TROUBLE IN MIND
Ultimate Painting, the guitar-driven duo of Jack Cooper and James Hoare, excel at creating concise and uncluttered songs that glow with an air of the familiar, but soon grow distinct. The apparition that looms largest in press for the band is that of The Velvet Underground’s third album—a sound, it should be said, that is practically a genre unto itself, so widespread is its influence. Ultimate Painting are working within those confines, for sure, but there is a bit of the crystalline output of classic Flying Nun band The Chills (the recent reissue of Kaleidoscope World might be a great counter-listen to Dusk) and other antipodean hitmakers in their deceptively simple chord arrangements.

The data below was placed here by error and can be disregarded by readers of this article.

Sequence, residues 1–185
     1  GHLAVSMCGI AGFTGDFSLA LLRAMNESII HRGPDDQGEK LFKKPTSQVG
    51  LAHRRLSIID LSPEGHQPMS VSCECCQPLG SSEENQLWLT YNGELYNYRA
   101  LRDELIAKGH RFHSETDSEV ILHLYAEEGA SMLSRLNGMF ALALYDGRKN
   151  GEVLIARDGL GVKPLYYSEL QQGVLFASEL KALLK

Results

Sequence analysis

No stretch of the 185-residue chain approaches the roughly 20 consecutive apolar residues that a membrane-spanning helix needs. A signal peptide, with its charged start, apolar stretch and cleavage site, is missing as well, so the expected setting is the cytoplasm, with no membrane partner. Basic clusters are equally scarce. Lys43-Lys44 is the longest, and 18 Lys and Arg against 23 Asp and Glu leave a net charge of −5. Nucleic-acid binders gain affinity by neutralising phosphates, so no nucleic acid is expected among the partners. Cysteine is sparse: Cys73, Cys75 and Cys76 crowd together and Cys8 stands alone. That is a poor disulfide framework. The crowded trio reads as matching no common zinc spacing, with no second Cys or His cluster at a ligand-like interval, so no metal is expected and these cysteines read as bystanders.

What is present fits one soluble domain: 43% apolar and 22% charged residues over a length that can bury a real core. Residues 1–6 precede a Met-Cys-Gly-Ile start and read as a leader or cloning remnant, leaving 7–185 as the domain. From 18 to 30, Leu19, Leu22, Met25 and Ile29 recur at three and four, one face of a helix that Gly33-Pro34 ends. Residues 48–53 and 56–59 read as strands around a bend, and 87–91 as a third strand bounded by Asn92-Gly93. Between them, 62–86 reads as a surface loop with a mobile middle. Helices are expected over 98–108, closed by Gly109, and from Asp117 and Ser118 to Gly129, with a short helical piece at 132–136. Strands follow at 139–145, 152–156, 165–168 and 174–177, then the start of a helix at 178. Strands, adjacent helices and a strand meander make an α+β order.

Wielding a twin-guitar attack with a dexterous fury that recalls Jailbreak-era Thin Lizzy…alright, just kidding on that one. But Cooper and Hoare do braid their two guitars together with great artistry. If you just glanced at the cover—dark purple, our mod-ish heroes half-shadowed with lustrous fringe—you’d think the band had gone full Electric Prunes, but Dusk, as an album, is hardly a psych revision of the sound they established over their first two albums. The word I keep coming to is “clean”: cleanly woven melodies (Cooper and Hoare are well-locked into the guitar-pop group-think on tracks like “Bills” and “Monday Morning, Somewhere Central”) and fuzz-free (although the addition of Wurlitzer adds some murky, welcome textures). Some of the metronomic moments make the album feel like a cousin to the ’90s dream/post-rock pop of The American Analog Set or The Sea and Cake circa their 1994 debut, but in the end, Dusk is its own poetic and fitfully abstract beast.